The physician should be prepared to re-administer the drug. However, diazepam is not recommended for maintenance, and once seizures are brought under control, consideration should be given to the administration of agents useful in longer term control of seizures. The usual precautions in treating patients with impaired hepatic function should be observed. Metabolites of diazepam are excreted by the kidney; to avoid their excess accumulation, caution should be exercised in the administration to patients with compromised kidney function.
Since an increase in cough reflex and laryngospasm may occur with peroral endoscopic procedures, the use of a topical anesthetic agent and the availability of necessary countermeasures are recommended. Propylene glycol toxicity has been reported in patients treated with Diazepam Injection at doses significantly greater than recommended. Propylene glycol toxicity is associated with an anion gap metabolic acidosis, serum hyperosmolality, and increased lactate.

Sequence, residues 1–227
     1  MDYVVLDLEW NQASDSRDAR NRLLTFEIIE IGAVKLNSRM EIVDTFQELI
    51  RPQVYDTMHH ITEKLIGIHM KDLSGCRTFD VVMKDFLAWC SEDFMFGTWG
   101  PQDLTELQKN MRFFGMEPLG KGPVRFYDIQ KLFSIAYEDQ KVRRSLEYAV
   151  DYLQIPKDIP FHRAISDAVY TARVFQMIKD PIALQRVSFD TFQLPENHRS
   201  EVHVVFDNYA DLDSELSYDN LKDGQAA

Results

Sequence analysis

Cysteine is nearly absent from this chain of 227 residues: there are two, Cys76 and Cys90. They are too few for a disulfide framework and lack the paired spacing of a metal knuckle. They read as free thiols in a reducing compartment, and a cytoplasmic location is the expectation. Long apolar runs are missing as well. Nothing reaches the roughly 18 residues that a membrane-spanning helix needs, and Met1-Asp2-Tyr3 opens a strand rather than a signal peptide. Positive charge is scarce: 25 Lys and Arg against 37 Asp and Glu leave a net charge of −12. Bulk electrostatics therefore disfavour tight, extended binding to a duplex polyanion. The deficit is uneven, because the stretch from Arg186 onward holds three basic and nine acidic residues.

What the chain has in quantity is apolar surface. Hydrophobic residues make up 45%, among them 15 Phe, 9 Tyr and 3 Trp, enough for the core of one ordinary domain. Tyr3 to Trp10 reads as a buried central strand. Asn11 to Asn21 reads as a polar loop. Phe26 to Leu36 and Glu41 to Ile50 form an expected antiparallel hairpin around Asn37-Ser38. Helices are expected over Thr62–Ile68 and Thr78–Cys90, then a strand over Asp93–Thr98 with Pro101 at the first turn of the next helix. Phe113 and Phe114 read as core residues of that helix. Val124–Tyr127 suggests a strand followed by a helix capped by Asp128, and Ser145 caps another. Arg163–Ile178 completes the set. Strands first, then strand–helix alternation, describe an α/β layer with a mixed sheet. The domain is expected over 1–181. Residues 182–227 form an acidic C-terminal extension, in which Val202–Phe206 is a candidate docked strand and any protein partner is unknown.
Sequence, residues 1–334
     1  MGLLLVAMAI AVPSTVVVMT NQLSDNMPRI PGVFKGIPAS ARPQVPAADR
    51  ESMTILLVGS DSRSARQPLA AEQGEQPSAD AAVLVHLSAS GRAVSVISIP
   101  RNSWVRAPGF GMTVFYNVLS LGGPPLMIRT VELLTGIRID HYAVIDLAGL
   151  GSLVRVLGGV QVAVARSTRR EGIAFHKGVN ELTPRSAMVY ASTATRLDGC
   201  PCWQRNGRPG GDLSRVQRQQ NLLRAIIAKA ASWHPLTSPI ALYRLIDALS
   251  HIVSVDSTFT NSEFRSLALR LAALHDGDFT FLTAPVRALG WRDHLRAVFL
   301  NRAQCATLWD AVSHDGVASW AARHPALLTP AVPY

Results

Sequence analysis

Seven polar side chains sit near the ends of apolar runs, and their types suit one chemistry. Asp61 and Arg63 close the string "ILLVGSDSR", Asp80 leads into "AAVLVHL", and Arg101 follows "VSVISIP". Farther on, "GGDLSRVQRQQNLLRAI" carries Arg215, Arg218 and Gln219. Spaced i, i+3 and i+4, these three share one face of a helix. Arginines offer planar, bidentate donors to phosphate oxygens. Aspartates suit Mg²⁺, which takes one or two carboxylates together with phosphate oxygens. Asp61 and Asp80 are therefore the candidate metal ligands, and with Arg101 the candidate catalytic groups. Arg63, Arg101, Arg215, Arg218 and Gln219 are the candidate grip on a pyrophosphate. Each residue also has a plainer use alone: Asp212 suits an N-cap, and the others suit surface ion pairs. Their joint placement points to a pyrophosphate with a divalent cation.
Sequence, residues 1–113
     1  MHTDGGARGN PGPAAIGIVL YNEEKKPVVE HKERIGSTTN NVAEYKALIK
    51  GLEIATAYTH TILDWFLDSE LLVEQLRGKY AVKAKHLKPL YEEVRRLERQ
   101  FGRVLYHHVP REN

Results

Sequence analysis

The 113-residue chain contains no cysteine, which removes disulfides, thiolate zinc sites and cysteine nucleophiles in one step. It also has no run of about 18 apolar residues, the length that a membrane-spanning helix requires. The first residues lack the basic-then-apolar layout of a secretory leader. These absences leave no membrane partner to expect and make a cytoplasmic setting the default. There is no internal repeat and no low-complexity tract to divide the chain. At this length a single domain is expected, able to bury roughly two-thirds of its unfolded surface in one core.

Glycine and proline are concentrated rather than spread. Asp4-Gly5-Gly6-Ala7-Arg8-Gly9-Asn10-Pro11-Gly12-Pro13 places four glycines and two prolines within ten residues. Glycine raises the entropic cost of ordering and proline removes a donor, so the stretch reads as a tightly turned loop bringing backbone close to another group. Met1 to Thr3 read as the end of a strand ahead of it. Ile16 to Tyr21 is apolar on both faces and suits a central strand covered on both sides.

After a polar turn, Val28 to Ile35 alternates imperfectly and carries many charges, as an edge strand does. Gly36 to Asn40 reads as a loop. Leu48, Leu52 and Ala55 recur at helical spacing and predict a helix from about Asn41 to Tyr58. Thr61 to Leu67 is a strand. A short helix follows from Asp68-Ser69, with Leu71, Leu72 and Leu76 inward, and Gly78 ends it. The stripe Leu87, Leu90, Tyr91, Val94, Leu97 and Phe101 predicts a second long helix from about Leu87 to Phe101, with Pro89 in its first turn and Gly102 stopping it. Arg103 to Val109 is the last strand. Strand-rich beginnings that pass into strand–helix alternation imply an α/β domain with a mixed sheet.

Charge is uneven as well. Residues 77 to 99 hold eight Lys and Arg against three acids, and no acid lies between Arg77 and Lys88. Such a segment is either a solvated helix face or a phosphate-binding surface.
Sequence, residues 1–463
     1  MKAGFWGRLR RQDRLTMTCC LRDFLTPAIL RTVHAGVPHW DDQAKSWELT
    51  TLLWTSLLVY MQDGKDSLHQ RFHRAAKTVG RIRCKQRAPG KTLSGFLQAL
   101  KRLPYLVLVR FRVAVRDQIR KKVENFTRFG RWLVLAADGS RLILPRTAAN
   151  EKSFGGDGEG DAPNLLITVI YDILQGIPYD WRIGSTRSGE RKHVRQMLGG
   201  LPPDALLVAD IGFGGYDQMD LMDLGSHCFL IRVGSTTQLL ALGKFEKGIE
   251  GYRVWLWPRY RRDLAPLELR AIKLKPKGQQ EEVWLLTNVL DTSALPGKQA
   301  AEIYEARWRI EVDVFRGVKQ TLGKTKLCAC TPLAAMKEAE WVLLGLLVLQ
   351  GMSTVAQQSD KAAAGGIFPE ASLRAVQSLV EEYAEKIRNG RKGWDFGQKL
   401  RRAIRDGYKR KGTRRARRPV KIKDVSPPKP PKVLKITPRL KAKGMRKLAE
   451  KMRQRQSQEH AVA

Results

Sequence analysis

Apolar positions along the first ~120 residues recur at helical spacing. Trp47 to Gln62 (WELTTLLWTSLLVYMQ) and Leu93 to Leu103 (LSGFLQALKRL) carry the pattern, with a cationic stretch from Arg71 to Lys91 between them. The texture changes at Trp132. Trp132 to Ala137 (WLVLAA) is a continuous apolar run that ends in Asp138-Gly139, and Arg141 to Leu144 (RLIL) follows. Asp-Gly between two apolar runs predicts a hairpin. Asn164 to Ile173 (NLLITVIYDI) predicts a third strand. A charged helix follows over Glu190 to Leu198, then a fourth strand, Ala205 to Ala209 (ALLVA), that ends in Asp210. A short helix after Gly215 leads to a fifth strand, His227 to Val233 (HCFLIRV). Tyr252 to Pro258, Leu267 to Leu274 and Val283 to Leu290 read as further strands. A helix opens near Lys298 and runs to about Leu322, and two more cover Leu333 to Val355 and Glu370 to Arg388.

Propylene glycol toxicity can cause acute tubular necrosis which can progress to multi-organ failure , mental status changes, hypotension, seizures, and cardiac arrhythmias. Patients at high risk for propylene glycol toxicity include those with renal dysfunction, hepatic dysfunction, impaired alcohol dehydrogenase enzymes, or other comorbidities such as a history of alcoholism.